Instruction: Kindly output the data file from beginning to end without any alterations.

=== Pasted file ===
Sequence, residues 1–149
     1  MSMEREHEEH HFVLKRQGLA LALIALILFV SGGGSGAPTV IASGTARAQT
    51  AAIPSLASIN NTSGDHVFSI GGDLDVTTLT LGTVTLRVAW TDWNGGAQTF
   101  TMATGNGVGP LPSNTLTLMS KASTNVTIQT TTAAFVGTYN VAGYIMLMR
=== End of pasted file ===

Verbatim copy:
Sequence, residues 1–149
     1  MSMEREHEEH HFVLKRQGLA LALIALILFV SGGGSGAPTV IASGTARAQT
    51  AAIPSLASIN NTSGDHVFSI GGDLDVTTLT LGTVTLRVAW TDWNGGAQTF
   101  TMATGNGVGP LPSNTLTLMS KASTNVTIQT TTAAFVGTYN VAGYIMLMR